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Incense

Definition

Incense is a material that creates a smell when it is burned. Incense overdose can occur when someone accidentally or intentionally sniffs or swallows liquid incense. Solid incense is not considered poisonous.

This is for information only and not for use in the treatment or management of an actual poison exposure. If you have an exposure, you should call your local emergency number (such as 911) or the National Poison Control Center at 1-800-222-1222.

Poisonous Ingredient

  • Aromatic oils
  • Nitrates
  • Nitrites (including amyl nitrite)

Where Found

Liquid incense is sold on the Internet under a variety of brand names. It is usually described as a room deodorizer, despite being sold for other purposes. Liquid incense that is breathed in (inhaled) is called a "popper."

Symptoms

  • Eyes, ears, nose, and throat
  • Gastrointestinal
  • Heart and blood
  • Lungs
    • Difficulty breathing (from breathing in or allergic reaction)
  • Nervous system
    • Coma
    • Euphoria, a feeling like being drunk (intoxicated)
    • Seizures
    • Stupor
  • Skin
    • Blue skin or fingers
    • Rash

Home Care

Seek immediate medical help. Do NOT make a person throw up unless told to do so by Poison Control or a health care professional.

Before Calling Emergency

Determine the following information:

  • Patient's age, weight, and condition
  • Name of the product (ingredients and strengths, if known)
  • Time it was swallowed
  • Amount swallowed

The National Poison Control Center (1-800-222-1222) can be called from anywhere in the United States. This national hotline number will let you talk to experts in poisoning. They will give you further instructions.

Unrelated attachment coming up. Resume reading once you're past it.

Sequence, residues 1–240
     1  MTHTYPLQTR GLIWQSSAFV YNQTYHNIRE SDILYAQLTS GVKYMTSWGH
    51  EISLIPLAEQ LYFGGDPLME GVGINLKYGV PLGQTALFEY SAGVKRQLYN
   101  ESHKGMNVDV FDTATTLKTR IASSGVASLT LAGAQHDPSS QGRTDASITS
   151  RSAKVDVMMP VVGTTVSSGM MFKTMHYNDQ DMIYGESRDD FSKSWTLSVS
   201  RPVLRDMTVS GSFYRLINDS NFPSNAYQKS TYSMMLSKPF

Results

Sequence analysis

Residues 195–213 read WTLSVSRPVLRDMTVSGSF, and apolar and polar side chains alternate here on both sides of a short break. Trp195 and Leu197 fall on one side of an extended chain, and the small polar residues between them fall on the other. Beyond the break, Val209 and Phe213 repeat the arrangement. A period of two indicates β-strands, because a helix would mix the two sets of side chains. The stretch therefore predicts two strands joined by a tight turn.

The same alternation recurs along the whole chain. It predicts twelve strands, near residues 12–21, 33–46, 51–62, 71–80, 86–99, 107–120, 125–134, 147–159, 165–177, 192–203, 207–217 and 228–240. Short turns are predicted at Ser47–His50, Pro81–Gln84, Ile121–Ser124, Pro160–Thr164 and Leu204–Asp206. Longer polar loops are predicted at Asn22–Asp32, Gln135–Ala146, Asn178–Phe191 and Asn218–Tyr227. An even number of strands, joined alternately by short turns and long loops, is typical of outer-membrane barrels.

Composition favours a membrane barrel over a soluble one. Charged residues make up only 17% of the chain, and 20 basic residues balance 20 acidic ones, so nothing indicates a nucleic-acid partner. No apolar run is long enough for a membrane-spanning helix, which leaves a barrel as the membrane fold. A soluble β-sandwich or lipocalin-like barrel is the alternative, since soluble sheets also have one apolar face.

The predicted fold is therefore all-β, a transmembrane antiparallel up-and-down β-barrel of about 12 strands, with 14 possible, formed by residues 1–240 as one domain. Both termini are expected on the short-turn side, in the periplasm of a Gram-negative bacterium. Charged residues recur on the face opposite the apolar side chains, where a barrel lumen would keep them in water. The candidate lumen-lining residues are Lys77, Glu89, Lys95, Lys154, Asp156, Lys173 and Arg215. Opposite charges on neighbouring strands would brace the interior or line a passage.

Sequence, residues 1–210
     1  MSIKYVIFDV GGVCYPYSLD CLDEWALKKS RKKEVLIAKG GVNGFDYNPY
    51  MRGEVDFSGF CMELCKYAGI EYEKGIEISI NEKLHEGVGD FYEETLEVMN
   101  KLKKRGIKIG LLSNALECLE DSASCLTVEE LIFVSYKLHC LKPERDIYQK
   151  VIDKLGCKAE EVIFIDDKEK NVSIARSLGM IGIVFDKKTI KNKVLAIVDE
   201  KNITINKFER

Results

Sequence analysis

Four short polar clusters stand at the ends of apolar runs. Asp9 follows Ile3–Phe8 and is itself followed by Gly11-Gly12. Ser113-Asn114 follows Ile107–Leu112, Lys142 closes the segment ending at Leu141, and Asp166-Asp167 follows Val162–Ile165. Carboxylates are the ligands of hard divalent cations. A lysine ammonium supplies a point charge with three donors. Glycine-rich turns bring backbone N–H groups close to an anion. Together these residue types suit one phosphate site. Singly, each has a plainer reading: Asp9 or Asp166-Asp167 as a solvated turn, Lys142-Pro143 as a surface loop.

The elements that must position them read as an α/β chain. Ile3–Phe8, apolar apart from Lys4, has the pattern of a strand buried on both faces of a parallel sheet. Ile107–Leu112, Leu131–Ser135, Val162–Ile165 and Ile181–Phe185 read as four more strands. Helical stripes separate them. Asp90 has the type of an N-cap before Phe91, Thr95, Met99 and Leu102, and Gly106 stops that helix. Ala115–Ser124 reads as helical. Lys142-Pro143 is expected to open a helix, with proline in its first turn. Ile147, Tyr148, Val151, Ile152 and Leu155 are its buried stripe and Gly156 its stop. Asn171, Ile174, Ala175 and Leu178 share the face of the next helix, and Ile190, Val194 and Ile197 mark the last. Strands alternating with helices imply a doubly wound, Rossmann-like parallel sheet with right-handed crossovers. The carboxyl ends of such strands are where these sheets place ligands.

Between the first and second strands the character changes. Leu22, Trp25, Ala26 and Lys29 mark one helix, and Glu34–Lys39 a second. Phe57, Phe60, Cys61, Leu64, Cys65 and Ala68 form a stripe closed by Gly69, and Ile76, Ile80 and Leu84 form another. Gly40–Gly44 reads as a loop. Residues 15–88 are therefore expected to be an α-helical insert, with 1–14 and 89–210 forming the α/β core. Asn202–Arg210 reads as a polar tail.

This is a free and confidential service. All local poison control centers in the United States use this national number. You should call if you have any questions about poisoning or poison prevention. It does NOT need to be an emergency. You can call for any reason, 24 hours a day, 7 days a week.

See: Poison control center - emergency number

What to Expect at the Emergency Room

The health care provider will measure and monitor your vital signs, including temperature, pulse, breathing rate, and blood pressure. Symptoms will be treated as appropriate. You may receive:

  • Breathing tube
  • Endoscopy -- camera down the throat to see burns in the esophagus and the stomach
  • Fluids by IV
  • Medicine (antidote) to reverse the effect of the poison
  • Medicines to treat an allergic reaction (diphenhydramine, prednisone)
  • Tube through the mouth into the stomach to wash out the stomach (gastric lavage)

Outlook (Prognosis)

How well you do depends on the amount of poison swallowed and how quickly treatment is received. The faster you get medical help, the better the chance for recovery.

Abusing liquid incense is as dangerous as taking other illicit drugs.


Review Date: 2/9/2009
Reviewed By: A.D.A.M. Editorial Team: David Zieve, MD, MHA, Greg Juhn, MTPW, David R. Eltz. Previously reviewed by Stephen C. Acosta, MD, Department of Emergency Medicine, Portland VA Medical Center, Portland, OR. Review provided by VeriMed Healthcare Network (2/27/2008).
The information provided herein should not be used during any medical emergency or for the diagnosis or treatment of any medical condition. A licensed physician should be consulted for diagnosis and treatment of any and all medical conditions. Call 911 for all medical emergencies. Links to other sites are provided for information only -- they do not constitute endorsements of those other sites. Copyright A.D.A.M., Inc. Any duplication or distribution of the information contained herein is strictly prohibited.